Semiconductor production requires extremely pure wafers of silicon, so with such high standards it is not surprising there is some silicon that cannot be used. Instead of disposing of this silicon though, researchers at Rice University have a way to make it into flexible and efficient batteries. The key is the coating used which keeps the normally fragile material from breaking.
Modern lithium ion batteries use graphite to absorb the lithium ions but silicon is known to be as much as 10 times better at absorbing the ions, so it would be ten times better at storing energy. The reason silicon is not used in batteries though is that it swells so much when it absorbs the ions that it can break, which not only deteriorates the performance of the battery, but can actually damage it. The researchers have solved this by creating silicon nanowires from waste silicon wafers and coating them in copper and a flexible electrolyte. This electrolyte made it possible for the nanowires to be harvested from the wafer without breaking them.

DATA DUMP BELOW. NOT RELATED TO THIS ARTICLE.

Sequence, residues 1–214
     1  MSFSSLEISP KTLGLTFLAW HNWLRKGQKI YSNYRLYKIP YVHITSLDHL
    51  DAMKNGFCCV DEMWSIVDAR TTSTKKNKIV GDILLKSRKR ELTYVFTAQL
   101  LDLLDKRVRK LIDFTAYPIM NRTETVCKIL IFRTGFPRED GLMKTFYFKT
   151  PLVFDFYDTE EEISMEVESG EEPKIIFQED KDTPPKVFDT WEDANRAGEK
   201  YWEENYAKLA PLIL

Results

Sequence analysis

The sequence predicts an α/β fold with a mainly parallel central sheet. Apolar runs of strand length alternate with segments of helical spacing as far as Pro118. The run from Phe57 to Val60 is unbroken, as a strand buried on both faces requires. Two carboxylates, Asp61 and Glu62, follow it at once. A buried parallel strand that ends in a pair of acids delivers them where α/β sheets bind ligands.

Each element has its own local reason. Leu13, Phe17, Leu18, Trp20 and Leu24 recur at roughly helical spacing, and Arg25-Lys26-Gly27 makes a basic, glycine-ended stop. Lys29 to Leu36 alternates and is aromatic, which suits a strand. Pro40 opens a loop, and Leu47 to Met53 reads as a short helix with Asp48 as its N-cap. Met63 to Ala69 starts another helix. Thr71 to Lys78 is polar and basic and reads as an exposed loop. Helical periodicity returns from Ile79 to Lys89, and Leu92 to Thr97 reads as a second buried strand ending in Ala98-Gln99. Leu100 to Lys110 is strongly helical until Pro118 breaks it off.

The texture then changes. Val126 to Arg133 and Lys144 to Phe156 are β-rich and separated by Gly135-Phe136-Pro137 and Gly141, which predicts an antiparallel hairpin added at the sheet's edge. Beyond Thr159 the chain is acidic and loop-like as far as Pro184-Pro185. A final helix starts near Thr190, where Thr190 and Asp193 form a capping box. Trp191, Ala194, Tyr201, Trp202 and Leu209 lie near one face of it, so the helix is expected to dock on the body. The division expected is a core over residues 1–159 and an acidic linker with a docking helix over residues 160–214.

When tested, the silicon nanowires were able to produce 150 milliamp hours per gram with little degradation over 50 charge/discharge cycles. The researchers are working to improve those numbers and to eventually test this design in more standard battery configurations. Hopefully they will succeed as their method to produce the nanowires is relatively simple and could easily be scaled up for production.